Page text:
The Canadian Plastics Industry Association plans to close its Montreal office at the end of the year.
The office has underpinned CPIA's activities in the province of Quebec since it was established about 20 years ago. The office has been politically important to bridge the language and cultural gaps the province has with the rest of Canada. The closure is part of a wide-ranging organizational restructuring of Mississauga, Ontario-based CPIA.
``We're getting rid of regional offices altogether,'' said CPIA President and Chief Executive Officer Serge Lavioe. ``We will focus resources rather than maintain physical offices.''
Lavoie said his association will work with ``people on the ground'' in Quebec who will work out of home offices. And CPIA will work with any new organization that might arise in the province. But its focus will be national.
CPIA said earlier this year that it was closing its regional offices except the Montreal one. Lavoie said CPIA rethought that position, especially since it lost Quebec member companies over the firing last year of Quebec's executive director.
The firing and proposed changes to the Montreal-based structure prompted several members to resign from CPIA's Quebec board with plans to form a new Quebec-oriented association. Proponents of the new organization could not be reached for comment on its status.
Although regional offices are closing, regional committees of members can meet and have the ability to raise new funds for special projects.
CPIA listed several other changes in a statement on its Web site.
The association will develop a new processor-focused unit that will develop programs for training, networking, government relations and trade development. The unit will be concentrated on the needs of processors and their suppliers.
CPIA's Environment and Plastics Industry Council will become autonomous within CPIA. This will allow major resin producers the option of financing EPIC alone, similar to the case of the plastics division of the Washington-based American Chemistry Council in the U.S.
EPIC accounts for about 65 percent of CPIA's financial activity, Lavoie said in a telephone interview. CPIA's three major resin producers pay dues of about C$1.2 million (US$1.1 million ) annually.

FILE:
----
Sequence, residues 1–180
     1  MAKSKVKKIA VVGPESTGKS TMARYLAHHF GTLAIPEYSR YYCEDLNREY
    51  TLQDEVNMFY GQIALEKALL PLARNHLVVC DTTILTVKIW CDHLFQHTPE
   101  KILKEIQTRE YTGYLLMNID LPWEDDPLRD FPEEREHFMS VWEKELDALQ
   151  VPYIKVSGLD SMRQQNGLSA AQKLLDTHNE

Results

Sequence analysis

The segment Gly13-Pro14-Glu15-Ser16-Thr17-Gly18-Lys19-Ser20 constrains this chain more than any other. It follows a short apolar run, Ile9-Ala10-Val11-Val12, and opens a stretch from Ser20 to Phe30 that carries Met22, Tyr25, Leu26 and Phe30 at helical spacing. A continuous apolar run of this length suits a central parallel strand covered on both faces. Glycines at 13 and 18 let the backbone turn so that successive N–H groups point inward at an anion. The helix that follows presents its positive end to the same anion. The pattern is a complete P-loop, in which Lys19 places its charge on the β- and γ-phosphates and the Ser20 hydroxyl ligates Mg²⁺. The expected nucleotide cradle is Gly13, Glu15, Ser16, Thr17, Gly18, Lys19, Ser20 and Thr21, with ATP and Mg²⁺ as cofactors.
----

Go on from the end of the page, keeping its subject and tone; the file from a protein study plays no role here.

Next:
CPIA plans to partner with other organizations to expand value to members. It is in talks with the Society of the Plastics Industry Inc. of Washington for more cross-border cooperation. Also, CPIA will look for closer ties with the Canadian Manufacturers and Exporters Association and other groups.
CPIA will continue to support councils with the biggest membership. They are the Composites Council, Vinyl Council of Canada and Plastic Film Manufacturers Association of Canada. Other councils will be phased out at the end of the year. Future development of councils will depend on their ability to be financially self-sustaining.
These and other initiatives are designed ``to promote and protect the plastic brand'' in Canada, CPIA said in its statement. They will allow members a say in how CPIA spends their dues.
CPIA lost some 35 percent of its Quebec membership recently due to the split with the former executive committee and for other reasons, such as consolidation, according to Lavoie. Of the 30 member companies that dropped out, most are in the Montreal area, he said.
CPIA officials will present their proposals to CPIA's board for ratification in mid-November. They culminate a two-year process of strategic review to focus scarce resources on services members value most.